Edmund Kirby Smith was born in 1824 in St. Augustine where his father was a lawyer and a judge. He graduated from the U.S. Military Academy in 1845 and served under Generals Zachary Taylor and Winfield Scott. He taught math at the academy and served in the cavalry on the western frontier. After accompanying the Mexican Boundary Commission, his botany reports were published by the Smithsonian Institution. In 1861, Smith resigned from the U.S. Army to join the Confederate forces. Commissioned as a colonel, he rose to the rank of general. After the war he became president of the Atlantic and Pacific Telegraph Company, chancellor of the University of Nashville and professor of mathematics at the University of the South at Sewanee. He died March 28, 1893, the last surviving full general of either army.
Edmund Kirby Smith’s popularity in Florida is noted by his selection as one of the state’s two citizens chosen for inclusion in the Capitol building’s National Statuary Hall in Washington, D.C. A Congressional law dating to 1864 allowed each state to contribute two statues featuring a citizen of the state “illustrious for their historic renown or for distinguished civic or military services.” One of Florida’s selections for this honor was Kirby Smith, and the other was John Gorrie.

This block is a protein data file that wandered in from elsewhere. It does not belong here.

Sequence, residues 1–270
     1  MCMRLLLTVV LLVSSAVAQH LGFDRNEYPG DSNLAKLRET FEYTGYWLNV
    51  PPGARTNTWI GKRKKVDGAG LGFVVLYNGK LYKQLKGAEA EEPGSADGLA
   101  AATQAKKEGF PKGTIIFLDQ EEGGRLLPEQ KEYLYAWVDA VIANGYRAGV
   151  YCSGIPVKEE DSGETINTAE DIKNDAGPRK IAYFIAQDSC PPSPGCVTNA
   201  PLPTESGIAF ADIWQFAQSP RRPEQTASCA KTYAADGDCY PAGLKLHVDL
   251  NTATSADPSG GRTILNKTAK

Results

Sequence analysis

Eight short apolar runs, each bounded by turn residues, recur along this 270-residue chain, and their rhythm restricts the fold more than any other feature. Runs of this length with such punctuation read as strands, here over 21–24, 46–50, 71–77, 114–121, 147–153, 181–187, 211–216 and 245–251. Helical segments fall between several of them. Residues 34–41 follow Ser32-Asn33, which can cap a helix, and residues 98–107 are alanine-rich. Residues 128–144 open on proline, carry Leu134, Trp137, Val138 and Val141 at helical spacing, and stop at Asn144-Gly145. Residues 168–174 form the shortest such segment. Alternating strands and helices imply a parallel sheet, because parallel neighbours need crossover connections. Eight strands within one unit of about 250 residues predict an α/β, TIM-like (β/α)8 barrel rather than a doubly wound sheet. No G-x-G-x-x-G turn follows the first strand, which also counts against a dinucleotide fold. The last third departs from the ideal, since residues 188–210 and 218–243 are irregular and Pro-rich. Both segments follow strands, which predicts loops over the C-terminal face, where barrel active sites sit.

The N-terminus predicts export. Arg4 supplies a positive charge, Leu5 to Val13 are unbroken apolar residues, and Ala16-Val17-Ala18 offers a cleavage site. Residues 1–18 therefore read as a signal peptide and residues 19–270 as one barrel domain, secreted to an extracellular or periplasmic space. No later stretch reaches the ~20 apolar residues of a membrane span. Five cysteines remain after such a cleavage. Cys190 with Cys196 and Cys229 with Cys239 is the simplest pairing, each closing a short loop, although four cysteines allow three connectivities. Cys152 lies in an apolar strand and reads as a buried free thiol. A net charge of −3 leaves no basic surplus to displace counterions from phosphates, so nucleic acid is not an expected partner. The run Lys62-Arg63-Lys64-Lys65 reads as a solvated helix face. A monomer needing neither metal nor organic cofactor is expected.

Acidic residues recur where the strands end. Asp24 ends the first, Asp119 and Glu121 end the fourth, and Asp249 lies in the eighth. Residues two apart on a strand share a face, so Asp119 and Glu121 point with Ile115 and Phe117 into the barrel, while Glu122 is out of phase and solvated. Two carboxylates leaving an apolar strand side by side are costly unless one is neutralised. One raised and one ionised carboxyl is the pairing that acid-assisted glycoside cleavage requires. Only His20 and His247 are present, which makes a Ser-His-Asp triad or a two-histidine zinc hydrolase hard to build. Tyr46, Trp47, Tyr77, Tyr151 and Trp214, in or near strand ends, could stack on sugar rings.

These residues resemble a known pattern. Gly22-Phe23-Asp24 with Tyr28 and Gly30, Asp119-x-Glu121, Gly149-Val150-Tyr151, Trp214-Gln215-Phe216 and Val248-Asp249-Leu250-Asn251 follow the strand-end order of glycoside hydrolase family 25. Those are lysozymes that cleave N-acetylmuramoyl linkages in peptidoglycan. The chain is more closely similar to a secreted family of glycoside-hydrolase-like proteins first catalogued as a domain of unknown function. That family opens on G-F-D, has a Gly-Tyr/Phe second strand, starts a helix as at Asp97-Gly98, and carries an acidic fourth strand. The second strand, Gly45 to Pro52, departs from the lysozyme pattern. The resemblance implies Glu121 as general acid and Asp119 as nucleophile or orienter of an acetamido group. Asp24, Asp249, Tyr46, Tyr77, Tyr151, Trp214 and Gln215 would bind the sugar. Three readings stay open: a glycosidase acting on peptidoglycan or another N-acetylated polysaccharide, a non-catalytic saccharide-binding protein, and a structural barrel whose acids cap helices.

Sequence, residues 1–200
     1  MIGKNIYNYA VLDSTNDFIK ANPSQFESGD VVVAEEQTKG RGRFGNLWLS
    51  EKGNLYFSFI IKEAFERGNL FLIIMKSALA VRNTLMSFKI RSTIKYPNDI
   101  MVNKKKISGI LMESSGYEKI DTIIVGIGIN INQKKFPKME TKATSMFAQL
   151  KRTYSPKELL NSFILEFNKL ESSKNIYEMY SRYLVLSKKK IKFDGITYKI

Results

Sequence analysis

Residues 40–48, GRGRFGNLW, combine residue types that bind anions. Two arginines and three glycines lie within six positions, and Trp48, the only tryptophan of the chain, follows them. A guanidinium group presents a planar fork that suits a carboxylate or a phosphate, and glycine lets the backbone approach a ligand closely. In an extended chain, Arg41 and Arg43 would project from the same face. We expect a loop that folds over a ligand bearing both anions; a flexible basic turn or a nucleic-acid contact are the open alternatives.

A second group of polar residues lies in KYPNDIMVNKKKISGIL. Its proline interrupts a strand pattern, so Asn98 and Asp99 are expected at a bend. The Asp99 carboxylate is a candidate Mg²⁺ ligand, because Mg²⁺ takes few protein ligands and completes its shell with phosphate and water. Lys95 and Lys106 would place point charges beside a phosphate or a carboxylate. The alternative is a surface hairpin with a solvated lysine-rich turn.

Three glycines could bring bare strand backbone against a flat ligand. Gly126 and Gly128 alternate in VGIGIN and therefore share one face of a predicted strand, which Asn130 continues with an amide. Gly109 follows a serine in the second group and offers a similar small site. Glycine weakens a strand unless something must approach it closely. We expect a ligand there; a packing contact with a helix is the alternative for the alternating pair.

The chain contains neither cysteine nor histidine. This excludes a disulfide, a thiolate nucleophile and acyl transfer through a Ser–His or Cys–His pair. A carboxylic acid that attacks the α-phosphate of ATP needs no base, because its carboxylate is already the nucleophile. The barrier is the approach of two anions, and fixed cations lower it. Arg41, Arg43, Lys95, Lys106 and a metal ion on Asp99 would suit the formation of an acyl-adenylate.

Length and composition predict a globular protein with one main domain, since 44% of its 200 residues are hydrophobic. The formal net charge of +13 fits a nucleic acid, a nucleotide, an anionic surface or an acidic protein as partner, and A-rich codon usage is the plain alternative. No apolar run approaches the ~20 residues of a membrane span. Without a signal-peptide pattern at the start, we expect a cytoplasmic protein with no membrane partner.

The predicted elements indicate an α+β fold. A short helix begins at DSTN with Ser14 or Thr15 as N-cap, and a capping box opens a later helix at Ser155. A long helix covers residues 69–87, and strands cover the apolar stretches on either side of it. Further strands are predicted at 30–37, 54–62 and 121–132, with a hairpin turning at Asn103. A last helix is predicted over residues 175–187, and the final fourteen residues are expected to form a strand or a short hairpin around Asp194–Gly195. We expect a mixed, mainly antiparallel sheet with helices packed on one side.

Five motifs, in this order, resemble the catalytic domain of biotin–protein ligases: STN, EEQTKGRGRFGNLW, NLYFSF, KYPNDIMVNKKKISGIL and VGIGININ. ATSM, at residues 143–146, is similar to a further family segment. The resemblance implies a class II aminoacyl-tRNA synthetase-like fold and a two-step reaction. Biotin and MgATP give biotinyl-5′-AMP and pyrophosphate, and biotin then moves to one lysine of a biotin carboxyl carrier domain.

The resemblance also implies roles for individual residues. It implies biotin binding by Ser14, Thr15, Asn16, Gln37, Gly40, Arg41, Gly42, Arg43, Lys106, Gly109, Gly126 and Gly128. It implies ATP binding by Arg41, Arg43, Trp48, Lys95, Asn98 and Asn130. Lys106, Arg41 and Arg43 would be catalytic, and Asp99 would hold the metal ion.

In 1914, a marble statue of John Gorrie, created by C. Adrian Pillars, was given by the state of Florida. The Kirby Smith statue, also a Pillars’ work, but in bronze, was given by the state in 1922. As the Hall crowded, Congress allowed the statues to be dispersed throughout the Capitol Building, and today the Kirby Smith statue is located in the Hall of Columns.
On November 8th, 2004, the St. Augustine Historical Society dedicated a monument to two of the city’s favorite sons, Dr. Alexander H. Darnes and General Edmund Kirby Smith. The men were born and grew up within the same St. Augustine household, although Darnes was approximately 16 years younger. Darnes was son of black slave Violent Pinkney who was a servant in the Smith household.